'Aliens' Turns 30: Celebrating The Iconic Sci-Fi Sequel
AUDIE CORNISH, HOST:
It's rare when a movie sequel outdoes the original. It happened in 1986 with "Aliens." It was released 30 years ago today, seven years after "Alien," the first in the franchise. And people are still talking about it, still deconstructing it, still watching it.
(SOUNDBITE OF FILM, "ALIENS")
CARRIE HENN: (As Newt) My mommy always said there were no monsters - no real ones - but there are.
SIGOURNEY WEAVER: (As Ellen Ripley) Yes, there are, aren't there?
CORNISH: Sigourney Weaver there in her role as Ellen Ripley speaking to Carrie Henn. She played the character of Newt. And one of "Aliens'" biggest fans is NPR contributor and critic Chris Klimek, who appears on NPR's Pop Culture Happy Hour podcast. Welcome back, Chris.
CHRIS KLIMEK, BYLINE: Thank you, Audie.
CORNISH: So I heard a rumor that you actually went to a movie theater to see a showing of "Aliens" over the weekend. Is this true? Was there anybody else at the showing?
KLIMEK: It was reasonably well-attended.
CORNISH: OK, OK, no judgment there (laughter).
KLIMEK: Yeah, not the only one.
CORNISH: OK, remind us the difference between 1979's "Alien" and what came seven years later in "Aliens" with an s. Like, fundamentally, what's the difference in plot?
KLIMEK: Well, the difference is actually the entire genre. You know, "Alien" was this spooky haunted house movie in space. And "Aliens" starts out that way but turns into this suspense action war movie. Ripley wakes up 57 years later, like Rip Van Winkle. She's been drifting off in space having survived her first encounter with the alien. And she gets back to Earth and finds that no one believes her story. But some months later - some traumatic, nightmare-suffering cloaked months - invited to go back to the planet LV-426. And I think this is the element that makes this story universal. Even though very few of us have experience fighting monsters in space, the idea of having to go back and confront your demons is universal. And that's the story of "Aliens."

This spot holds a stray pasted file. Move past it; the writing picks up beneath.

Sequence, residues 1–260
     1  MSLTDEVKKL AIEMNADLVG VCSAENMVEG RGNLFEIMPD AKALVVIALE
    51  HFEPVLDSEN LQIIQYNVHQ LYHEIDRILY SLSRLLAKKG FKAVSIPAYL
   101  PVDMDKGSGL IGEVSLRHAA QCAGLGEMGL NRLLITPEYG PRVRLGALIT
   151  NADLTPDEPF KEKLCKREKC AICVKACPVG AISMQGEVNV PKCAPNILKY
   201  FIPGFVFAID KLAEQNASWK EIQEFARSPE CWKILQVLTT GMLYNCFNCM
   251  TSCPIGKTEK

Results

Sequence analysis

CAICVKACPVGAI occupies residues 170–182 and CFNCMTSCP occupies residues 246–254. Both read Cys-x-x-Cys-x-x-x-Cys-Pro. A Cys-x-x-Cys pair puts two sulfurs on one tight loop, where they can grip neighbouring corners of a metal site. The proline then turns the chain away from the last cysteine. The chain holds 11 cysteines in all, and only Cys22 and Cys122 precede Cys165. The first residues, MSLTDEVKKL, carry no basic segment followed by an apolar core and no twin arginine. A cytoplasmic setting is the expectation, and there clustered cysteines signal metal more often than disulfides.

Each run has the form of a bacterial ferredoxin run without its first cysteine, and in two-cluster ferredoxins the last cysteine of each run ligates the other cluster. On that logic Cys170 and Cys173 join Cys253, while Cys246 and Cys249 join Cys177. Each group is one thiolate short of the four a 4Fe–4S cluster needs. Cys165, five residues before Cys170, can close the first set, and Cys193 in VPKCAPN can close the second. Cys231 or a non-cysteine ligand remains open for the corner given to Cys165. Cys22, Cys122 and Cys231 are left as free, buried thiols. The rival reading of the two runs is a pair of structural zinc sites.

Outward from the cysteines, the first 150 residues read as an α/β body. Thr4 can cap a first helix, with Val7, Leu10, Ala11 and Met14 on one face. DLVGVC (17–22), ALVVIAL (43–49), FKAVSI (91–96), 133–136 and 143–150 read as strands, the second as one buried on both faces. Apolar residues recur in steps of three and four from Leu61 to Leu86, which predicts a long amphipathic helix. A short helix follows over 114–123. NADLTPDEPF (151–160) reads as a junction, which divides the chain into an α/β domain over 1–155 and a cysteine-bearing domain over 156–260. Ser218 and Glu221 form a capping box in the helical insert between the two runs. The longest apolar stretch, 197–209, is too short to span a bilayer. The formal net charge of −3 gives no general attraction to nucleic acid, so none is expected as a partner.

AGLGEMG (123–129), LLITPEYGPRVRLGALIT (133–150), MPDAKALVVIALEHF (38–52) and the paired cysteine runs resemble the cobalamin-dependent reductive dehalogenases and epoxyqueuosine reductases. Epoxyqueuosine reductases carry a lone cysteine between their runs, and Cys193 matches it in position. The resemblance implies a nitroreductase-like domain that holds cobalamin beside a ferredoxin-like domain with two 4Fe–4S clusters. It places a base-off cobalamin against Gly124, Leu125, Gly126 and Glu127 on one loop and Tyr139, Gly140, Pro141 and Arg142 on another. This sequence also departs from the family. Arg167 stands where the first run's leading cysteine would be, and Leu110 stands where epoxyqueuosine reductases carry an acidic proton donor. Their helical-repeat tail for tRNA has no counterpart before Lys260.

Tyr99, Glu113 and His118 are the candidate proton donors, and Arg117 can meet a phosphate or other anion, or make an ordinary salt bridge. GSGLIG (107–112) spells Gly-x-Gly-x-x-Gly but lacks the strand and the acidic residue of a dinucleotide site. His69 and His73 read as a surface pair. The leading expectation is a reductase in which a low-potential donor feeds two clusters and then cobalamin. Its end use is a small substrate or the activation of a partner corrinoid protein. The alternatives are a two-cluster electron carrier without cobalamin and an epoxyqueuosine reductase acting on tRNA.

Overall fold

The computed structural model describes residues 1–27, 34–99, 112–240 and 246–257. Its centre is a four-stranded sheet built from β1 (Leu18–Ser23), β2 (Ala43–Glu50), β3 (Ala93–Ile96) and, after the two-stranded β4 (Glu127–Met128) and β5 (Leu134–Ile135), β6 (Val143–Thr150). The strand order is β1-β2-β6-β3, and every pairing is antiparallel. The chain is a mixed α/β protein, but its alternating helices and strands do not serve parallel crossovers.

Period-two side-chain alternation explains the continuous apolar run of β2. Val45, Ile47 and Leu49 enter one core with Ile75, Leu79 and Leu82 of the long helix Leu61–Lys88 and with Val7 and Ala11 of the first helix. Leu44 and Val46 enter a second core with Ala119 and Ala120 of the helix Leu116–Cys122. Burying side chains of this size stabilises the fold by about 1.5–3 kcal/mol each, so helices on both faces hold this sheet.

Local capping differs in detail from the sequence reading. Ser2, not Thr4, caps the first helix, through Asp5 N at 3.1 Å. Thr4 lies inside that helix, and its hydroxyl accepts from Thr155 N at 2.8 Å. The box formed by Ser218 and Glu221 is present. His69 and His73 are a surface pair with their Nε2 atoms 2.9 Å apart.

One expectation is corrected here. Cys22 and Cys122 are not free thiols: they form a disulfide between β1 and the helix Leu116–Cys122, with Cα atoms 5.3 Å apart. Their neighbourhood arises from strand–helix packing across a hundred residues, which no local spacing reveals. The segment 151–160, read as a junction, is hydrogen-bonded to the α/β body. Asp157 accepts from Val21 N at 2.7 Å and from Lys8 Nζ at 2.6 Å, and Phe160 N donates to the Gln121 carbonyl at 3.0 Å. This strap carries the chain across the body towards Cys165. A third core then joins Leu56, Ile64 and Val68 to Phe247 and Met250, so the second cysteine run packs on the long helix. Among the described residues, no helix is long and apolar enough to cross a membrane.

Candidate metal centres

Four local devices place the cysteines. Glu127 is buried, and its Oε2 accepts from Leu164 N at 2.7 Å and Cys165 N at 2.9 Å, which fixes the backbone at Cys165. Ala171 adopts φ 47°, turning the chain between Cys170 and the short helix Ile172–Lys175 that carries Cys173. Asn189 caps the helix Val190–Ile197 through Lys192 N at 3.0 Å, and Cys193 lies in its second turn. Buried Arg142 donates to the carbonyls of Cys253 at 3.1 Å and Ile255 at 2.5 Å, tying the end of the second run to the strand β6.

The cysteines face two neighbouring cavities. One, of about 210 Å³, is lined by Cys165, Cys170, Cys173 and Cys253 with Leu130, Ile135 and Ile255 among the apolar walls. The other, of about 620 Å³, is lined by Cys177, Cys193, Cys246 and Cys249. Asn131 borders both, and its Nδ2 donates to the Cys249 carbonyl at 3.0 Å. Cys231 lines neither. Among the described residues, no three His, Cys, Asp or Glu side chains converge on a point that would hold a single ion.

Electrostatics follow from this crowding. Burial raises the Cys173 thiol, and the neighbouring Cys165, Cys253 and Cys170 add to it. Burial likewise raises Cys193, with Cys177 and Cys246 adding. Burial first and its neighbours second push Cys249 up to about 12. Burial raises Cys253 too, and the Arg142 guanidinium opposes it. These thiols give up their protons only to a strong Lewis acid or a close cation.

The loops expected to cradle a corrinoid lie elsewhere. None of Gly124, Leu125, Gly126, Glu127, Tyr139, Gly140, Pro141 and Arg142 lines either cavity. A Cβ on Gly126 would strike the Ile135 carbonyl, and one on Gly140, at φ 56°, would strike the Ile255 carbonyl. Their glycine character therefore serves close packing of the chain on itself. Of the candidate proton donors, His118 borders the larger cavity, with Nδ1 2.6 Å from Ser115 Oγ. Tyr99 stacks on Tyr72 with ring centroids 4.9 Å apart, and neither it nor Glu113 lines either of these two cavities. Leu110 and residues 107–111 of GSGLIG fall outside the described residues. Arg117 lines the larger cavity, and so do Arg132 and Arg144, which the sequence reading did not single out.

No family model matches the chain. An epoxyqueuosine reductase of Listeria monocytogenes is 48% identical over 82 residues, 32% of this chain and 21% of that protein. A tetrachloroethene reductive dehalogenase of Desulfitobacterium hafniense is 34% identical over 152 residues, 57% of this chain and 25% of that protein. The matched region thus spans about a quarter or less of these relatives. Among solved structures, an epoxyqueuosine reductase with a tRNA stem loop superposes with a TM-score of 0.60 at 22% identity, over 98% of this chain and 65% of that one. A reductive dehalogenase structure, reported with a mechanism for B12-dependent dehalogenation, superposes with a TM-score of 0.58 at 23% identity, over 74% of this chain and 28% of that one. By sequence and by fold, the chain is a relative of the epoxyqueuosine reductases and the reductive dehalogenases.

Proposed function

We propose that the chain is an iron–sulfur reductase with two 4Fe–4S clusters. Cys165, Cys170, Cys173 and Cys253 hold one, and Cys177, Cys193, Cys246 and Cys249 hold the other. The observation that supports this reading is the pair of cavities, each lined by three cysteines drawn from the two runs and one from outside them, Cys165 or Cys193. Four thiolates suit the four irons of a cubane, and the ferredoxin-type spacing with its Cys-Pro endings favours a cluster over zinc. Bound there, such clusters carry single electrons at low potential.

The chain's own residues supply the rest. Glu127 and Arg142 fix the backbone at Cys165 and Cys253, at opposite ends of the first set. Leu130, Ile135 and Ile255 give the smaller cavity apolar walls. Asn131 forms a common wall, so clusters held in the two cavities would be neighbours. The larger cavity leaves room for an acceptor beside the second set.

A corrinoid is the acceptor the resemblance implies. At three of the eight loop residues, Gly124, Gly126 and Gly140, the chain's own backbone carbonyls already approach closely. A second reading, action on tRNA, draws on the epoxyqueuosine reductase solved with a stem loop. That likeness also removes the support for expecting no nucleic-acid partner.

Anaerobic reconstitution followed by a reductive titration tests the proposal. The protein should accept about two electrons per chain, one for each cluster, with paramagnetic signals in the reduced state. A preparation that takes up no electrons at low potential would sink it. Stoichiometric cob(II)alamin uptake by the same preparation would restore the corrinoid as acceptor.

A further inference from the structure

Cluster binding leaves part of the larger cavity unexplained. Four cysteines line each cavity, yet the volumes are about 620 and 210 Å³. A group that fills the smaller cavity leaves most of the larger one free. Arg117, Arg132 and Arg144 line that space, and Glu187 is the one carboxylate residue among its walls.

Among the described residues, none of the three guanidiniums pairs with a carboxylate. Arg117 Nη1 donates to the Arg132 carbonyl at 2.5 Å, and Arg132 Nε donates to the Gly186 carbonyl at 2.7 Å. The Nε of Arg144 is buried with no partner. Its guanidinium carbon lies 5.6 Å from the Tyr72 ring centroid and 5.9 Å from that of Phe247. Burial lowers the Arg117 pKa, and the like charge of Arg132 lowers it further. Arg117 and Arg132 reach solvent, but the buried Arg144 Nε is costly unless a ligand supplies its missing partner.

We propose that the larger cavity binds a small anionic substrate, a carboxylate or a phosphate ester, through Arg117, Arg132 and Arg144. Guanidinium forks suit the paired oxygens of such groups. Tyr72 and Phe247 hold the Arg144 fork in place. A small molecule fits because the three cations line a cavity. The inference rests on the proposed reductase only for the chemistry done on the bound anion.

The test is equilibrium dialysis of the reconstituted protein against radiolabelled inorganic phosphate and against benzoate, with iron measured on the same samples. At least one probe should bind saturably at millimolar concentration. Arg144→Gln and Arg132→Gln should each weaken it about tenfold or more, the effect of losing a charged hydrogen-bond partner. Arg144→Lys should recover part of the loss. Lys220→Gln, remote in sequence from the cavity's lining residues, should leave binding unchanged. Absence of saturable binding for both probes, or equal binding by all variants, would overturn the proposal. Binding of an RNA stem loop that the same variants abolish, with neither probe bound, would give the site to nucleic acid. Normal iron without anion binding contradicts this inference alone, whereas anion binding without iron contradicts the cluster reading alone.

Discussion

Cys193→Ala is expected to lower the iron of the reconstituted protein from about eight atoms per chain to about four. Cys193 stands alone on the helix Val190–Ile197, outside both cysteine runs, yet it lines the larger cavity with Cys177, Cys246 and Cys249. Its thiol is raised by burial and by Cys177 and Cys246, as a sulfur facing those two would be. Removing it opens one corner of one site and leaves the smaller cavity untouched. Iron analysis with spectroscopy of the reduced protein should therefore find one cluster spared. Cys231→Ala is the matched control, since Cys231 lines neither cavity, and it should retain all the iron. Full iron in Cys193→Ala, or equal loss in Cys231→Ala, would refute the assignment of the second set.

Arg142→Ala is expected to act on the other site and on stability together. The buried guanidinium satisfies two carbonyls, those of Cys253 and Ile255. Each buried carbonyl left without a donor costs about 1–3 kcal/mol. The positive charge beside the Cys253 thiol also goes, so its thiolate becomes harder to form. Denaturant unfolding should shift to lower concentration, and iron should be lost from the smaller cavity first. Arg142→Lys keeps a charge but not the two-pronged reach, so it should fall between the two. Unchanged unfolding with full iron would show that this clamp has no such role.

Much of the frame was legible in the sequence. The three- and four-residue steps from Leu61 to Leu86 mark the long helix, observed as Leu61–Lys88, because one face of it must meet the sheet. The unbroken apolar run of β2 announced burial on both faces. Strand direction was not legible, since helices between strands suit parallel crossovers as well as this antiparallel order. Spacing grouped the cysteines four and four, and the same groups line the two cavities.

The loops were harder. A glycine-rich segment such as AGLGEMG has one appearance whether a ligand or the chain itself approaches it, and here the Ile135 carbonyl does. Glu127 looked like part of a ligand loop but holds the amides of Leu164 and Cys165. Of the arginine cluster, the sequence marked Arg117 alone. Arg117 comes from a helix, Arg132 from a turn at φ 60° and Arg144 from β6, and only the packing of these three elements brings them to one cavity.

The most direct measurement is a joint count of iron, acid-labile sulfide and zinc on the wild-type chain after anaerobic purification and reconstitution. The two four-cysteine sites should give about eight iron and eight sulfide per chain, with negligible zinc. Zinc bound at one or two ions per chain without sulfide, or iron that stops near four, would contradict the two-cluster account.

CORNISH: And you've talked about the atmosphere at the time. What was going on kind of in the broader culture that you think helped people I guess connect with this film?
KLIMEK: Well, in 1986 we are slightly more than a decade out of Vietnam, but we're just starting to deal with it in pop culture. But "Aliens" is very much channeling the fallout of Vietnam. All of the military slang heard in the film among the Marines is Vietnam-era. Kind of combined with the - you know, the rah-rah-rah (ph) militarism of the Reagan '80s. To the extent that "Alien" was about the ennui and disillusionment of the '70s, "Aliens" is the - you know, the "Morning In America" version of that, even though it is kind of a critique of military power.
CORNISH: Now, in the end, why do you think that this resonated? Like, are - I don't know, like, why are we talking about it 30 years later?
KLIMEK: I think there were a few things that just all lined up. I think the novelty of having a woman helming a movie like this and then the quality of the performance. You know, she - Weaver is so strong in this film. So it was of its time, but it was also groundbreaking. And those elements just intersected in a way that made it a big hit.
CORNISH: That's NPR contributor and critic Chris Klimek. He appears on NPR's Pop Culture Happy Hour podcast. Chris, thanks for talking about this with us.
KLIMEK: Oh, it was a blast. Thank you, Audie.
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